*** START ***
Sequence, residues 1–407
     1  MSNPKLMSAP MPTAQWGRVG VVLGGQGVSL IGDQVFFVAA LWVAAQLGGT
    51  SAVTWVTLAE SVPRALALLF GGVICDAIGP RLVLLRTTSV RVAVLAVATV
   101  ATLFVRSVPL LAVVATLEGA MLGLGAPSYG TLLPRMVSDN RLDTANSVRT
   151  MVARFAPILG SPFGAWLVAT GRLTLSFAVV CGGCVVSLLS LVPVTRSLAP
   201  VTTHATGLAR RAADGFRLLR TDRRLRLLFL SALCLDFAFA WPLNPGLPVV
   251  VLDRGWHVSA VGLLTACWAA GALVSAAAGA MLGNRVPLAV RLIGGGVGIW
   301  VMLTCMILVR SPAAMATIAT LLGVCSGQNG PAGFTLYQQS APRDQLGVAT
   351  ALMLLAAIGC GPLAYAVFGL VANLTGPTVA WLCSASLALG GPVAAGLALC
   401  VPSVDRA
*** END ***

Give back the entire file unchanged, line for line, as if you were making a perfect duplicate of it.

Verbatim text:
Sequence, residues 1–407
     1  MSNPKLMSAP MPTAQWGRVG VVLGGQGVSL IGDQVFFVAA LWVAAQLGGT
    51  SAVTWVTLAE SVPRALALLF GGVICDAIGP RLVLLRTTSV RVAVLAVATV
   101  ATLFVRSVPL LAVVATLEGA MLGLGAPSYG TLLPRMVSDN RLDTANSVRT
   151  MVARFAPILG SPFGAWLVAT GRLTLSFAVV CGGCVVSLLS LVPVTRSLAP
   201  VTTHATGLAR RAADGFRLLR TDRRLRLLFL SALCLDFAFA WPLNPGLPVV
   251  VLDRGWHVSA VGLLTACWAA GALVSAAAGA MLGNRVPLAV RLIGGGVGIW
   301  VMLTCMILVR SPAAMATIAT LLGVCSGQNG PAGFTLYQQS APRDQLGVAT
   351  ALMLLAAIGC GPLAYAVFGL VANLTGPTVA WLCSASLALG GPVAAGLALC
   401  VPSVDRA